An Organic Response to Hype: Examining Today's DIY Streetwear
An Organic Response to Hype: Examining Today's DIY Streetwear
- Words Jeff Ihaza
- Date July 24, 2018
Movements—sartorial or otherwise—tend to ebb and flow, flirting with maximums at opposite ends of an ideological spectrum. Take the ascent of streetwear over the past decade. The trend has thus far swung primarily in the direction of scale, with companies like Supreme growing as though they were Silicon Valley titans, and a number of once mighty underground labels going the way of big-box department stores. It is natural that as the category goes mainstream, a counterculture will emerge, a reactionary force in direct opposition with conventional retail. The explosion of small independent brands—and their growing influence over emerging commerce markets like instagram—is part of a shift towards a more democratic extreme. One where individual designers can directly communicate with their audience untethered to fashion cycles or, increasingly, trends in general.
Social media platforms function by optimizing what people want to see. This contrived formula inevitably leads to homogeneity, with popular brands and upstarts looking increasingly similar. With assistance from algorithms and hype, “street style” is now the de-facto look on social media. It explains the deluge of “insta-brands” pushing targeted ads with carbon copies of runway looks—and, occasionally, vice-versa. Taste-level, once not quantifiable, is now broken down mathematically.
Take for instance, Lil Miquela. The digital avatar, a fictional character created by artists Trevor McFedries & Sara Decou, currently boasts over a million followers on Instagram and appears as an amalgam of popular tropes derived from social media. She’s also an apt representation of contemporary fashion, which has come to be increasingly influenced and synonymous with streetwear: a perfectly programmable mood board.
But sameness is ultimately suffocating. In the 1970s, as commercialized culture reached a similar point of saturation thanks to the growth of television, handmade fashion took hold of the youth-driven counterculture movement. As part of a broader rejection of 1950s consumerism, young people embraced notions of self-reliance and expression. The period saw a sweeping trend of tie-dying, stitching and embroidering personal garments, all part of a very vocal—and visually apparent—resistance. The trend was so endemic that in 1973 Levi Strauss & Co. held a contest where customers submitted pictures of their customized denim. The hippy generation’s wearable art—flower crowns, patchwork bell bottoms and limited Grateful Dead tee’s—held more meaning than anything mass produced ever could.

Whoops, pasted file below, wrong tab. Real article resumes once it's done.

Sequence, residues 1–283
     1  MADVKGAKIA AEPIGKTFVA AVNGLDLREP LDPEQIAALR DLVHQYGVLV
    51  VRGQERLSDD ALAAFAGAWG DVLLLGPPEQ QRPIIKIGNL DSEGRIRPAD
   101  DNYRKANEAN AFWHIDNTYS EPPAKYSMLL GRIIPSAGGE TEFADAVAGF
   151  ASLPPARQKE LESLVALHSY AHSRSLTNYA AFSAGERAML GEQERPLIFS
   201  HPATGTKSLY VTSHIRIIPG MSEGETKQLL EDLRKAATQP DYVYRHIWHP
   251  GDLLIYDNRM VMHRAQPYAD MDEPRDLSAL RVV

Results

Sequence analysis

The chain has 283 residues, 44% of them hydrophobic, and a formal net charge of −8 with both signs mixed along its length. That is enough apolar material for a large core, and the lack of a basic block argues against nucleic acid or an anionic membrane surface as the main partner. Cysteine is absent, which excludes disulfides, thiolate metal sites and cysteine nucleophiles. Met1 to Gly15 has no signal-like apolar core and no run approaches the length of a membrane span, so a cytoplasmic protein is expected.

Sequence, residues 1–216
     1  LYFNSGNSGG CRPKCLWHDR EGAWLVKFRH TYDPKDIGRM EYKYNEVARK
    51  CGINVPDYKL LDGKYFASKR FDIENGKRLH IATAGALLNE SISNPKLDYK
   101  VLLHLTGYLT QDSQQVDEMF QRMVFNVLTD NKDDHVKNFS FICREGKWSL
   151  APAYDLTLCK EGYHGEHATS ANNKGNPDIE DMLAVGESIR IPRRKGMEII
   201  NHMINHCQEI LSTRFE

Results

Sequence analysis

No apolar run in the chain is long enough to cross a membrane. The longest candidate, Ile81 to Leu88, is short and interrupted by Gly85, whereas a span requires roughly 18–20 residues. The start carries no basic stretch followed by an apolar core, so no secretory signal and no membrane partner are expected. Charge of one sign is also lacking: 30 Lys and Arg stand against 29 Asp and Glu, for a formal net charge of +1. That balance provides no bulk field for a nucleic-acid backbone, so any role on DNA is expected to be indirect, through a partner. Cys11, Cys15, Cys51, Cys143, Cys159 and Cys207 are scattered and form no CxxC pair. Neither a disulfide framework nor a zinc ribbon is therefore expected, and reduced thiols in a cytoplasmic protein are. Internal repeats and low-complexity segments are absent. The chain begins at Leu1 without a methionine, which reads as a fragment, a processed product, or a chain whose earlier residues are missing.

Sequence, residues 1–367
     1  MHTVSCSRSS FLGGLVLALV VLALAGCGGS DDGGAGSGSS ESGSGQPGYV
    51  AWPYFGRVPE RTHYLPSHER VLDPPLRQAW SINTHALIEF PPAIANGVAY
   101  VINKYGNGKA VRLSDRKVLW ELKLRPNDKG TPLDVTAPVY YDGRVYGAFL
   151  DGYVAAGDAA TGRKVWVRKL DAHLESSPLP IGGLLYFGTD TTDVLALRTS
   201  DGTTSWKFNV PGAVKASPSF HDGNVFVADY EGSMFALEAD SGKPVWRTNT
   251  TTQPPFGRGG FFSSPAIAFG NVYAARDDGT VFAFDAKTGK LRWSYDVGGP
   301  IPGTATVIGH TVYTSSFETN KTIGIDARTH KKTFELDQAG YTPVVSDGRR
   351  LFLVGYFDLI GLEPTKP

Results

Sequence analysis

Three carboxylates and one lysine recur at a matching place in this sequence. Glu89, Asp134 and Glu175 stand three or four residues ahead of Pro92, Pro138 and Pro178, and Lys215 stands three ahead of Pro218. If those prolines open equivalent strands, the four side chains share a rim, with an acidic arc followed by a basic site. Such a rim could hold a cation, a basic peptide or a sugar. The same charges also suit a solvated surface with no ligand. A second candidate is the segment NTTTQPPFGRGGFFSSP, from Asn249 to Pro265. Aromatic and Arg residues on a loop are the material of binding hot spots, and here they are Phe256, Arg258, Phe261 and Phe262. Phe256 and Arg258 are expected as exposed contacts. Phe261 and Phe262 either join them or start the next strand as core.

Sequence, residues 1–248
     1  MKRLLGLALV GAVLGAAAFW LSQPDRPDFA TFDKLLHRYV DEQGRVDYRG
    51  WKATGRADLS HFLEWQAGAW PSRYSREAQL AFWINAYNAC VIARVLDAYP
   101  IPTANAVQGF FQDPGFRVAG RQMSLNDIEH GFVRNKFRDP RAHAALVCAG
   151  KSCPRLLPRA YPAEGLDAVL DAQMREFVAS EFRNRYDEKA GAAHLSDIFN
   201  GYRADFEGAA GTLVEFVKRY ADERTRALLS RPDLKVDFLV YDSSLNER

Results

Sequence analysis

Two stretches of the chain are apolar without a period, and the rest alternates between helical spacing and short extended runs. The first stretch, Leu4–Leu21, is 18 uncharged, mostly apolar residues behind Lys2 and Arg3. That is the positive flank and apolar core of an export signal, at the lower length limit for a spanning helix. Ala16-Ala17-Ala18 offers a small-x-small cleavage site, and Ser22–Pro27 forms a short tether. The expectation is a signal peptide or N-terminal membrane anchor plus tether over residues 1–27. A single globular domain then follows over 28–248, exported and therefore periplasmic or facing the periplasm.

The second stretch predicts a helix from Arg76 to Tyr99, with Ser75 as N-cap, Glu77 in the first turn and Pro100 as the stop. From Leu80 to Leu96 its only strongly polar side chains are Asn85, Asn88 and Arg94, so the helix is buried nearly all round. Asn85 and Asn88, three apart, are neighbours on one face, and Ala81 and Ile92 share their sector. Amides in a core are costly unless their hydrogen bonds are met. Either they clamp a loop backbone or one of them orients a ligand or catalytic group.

Today designers like Emily Adams—whose line Bode individually sourced fabrics and intentionally limits production—attempt to offer the same kind of emotional connection. Some Ware, the label by Brendon Fowler and Cali Thornhill-Dewitt, uses primarily recycled materials, and for their recent Spring 2018 collection, produced unique patchwork tote bags to accompany each look. Online Ceramics, the trippy Los Angeles-based T-shirt brand from designers Elijah Funk & Alix Ross, uses circa-1970 tie-dye techniques for their Grateful Dead inspired shirts. Made-to-order by hand, each shirt is slightly different, something customers covet. In the same vein, Connecticut-based label Dertbag is experimenting with one-off custom painted pants and repurposed vintage bootegs. Boot Boyz, the secretive project from the anonymous Chicago collective Boot Boyz Biz, flout notions of copyright and ownership with their custom, intellectually forceful, T-shirt designs. The brand even releases a zine with each drop, explaining the each shirt’s references. D.C. based Carpet Company hand print skateboards and T-shirts that have quietly gained prominence in the skate world. Founded by brothers Ayman and Osama Abdeldayem, Carpet focuses on the intricacies of screen printing—the same homegrown spirit and do it yourself attitude the was pervasive throughout the ‘70s.